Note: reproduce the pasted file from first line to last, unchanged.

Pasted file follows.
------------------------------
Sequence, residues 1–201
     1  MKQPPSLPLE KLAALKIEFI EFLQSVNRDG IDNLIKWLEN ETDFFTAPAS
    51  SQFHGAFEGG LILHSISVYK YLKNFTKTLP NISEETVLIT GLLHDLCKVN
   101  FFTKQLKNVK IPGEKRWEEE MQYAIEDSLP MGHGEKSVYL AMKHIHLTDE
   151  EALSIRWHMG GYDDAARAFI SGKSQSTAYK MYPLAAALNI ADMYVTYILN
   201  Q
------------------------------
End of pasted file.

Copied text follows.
Sequence, residues 1–201
     1  MKQPPSLPLE KLAALKIEFI EFLQSVNRDG IDNLIKWLEN ETDFFTAPAS
    51  SQFHGAFEGG LILHSISVYK YLKNFTKTLP NISEETVLIT GLLHDLCKVN
   101  FFTKQLKNVK IPGEKRWEEE MQYAIEDSLP MGHGEKSVYL AMKHIHLTDE
   151  EALSIRWHMG GYDDAARAFI SGKSQSTAYK MYPLAAALNI ADMYVTYILN
   201  Q